The crypto exchange FTX has disclosed that the firm is in debt to its top 50 creditors for $3.1 billion total, according to bankruptcy court filings.
In spite of the fact that the court document did not reveal the names of those affected by the sudden collapse of FTX, the document identifies the extent of the financial losses for the exchange’s clients.
It is estimated that FTX’s ten largest creditors have unsecured claims of more than $100 million each, with a total debt of over $1.45 billion, the document states. The filing clarified that the debt is not owed to company insiders, and the information may change as more details become available.
FTX has a debt of $276 million to its largest creditor and $21 million to its 50th largest one. Yet, there is a possibility that the document is only the tip of the iceberg in terms of what the company owes in reality since the exchange admitted the previous week that it might have over a million creditors.
According to the document, FTX owes $174 million to the third-biggest creditor, whose identity is not disclosed. Although the figure has not been confirmed, it is in line with a statement that cryptocurrency lender Genesis made two weeks ago: Genesis held $175 million worth of FTX.
The company explained in its bankruptcy document that the management team under the new CEO, John J. Ray III, calculated the totals based on information that was viewable but not accessible. Currently, the company does not have complete access to the data of its customers.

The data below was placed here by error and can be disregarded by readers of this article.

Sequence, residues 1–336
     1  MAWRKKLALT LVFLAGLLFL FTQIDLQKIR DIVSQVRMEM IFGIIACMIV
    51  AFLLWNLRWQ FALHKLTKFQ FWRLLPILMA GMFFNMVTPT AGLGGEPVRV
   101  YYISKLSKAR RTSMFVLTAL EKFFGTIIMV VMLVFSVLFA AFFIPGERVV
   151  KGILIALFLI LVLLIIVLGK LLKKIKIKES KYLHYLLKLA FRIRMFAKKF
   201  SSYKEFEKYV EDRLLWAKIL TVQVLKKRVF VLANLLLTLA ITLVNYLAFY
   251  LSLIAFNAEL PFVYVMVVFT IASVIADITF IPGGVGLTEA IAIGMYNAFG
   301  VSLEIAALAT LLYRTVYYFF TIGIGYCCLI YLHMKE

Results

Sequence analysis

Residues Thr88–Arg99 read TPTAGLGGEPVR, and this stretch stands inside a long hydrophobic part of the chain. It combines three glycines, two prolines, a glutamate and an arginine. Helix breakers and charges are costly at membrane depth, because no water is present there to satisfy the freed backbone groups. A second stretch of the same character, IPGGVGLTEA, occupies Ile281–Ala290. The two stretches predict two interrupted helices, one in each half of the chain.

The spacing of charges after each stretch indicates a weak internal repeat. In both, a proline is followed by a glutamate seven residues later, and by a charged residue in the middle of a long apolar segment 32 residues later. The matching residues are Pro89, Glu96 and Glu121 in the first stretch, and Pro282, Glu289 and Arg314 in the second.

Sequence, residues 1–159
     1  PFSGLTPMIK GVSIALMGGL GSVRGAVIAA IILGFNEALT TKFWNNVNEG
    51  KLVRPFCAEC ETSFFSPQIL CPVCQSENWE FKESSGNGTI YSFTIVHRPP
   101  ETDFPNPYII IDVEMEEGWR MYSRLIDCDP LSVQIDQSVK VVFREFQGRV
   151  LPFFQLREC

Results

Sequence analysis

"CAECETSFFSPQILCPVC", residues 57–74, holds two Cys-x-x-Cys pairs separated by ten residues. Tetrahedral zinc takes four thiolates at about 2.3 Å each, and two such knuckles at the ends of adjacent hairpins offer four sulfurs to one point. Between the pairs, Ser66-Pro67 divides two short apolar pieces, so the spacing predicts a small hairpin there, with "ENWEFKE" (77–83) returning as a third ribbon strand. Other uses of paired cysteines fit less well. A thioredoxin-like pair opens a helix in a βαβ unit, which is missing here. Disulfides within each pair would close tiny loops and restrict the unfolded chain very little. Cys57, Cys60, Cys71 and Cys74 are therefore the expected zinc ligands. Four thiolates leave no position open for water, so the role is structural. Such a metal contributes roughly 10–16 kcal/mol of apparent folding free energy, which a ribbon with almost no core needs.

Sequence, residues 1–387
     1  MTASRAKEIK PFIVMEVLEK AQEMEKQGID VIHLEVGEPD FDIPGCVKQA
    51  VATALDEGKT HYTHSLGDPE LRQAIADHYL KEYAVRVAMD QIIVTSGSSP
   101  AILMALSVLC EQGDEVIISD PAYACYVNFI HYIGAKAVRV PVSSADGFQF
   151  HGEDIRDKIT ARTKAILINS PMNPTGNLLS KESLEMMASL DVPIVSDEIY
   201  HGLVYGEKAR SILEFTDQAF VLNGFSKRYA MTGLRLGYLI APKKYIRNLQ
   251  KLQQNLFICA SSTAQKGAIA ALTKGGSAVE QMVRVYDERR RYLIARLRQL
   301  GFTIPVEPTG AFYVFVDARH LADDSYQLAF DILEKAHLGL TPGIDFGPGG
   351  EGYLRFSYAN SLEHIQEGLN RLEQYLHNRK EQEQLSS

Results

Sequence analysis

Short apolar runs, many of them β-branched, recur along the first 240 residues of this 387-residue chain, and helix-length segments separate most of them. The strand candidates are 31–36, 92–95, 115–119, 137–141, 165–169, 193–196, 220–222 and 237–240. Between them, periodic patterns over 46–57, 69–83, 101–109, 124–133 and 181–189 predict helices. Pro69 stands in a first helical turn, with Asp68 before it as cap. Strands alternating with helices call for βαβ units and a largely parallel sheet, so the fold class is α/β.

Furthermore, the management team said that debt figures could be inaccurate since some creditors may have already received their payments, but it isn’t reflected in the company’s accounts.
A related motion was filed earlier to redact the names and personal information of the creditors of FTX.
There is a concern that sharing creditor information could alert unscrupulous businesses to the situation.
“Public dissemination of the Debtors’ customer list could give the Debtors’ competitors an unfair advantage to contact and poach those customers, and would interfere with the Debtors’ ability to sell their assets and maximize value for their estates at the appropriate time,” the statement said.
FTX was also pointed out in the motion for not keeping track of customer data accurately enough to figure out who owed what.
“The Debtors historically did not keep appropriate books and records, and the Debtors are currently working to access certain sources of data and records that are currently unavailable.”
As stated in the motion, FTX decided to compile its creditors into one file because of overlapping creditors across its Chapter 11 cases, an unorganized record management system, and a lack of time and resources.
“Creditor information, and in particular customer information, is not clearly labeled or identifiable by [FTX],” the document states. “As a result, presenting the information on a consolidated basis will ensure the most relevant and known information can be promptly disclosed.”
An FTX bankruptcy hearing date was set in court documents filed on Sunday. A court hearing will take place on Tuesday in Wilmington, Delaware.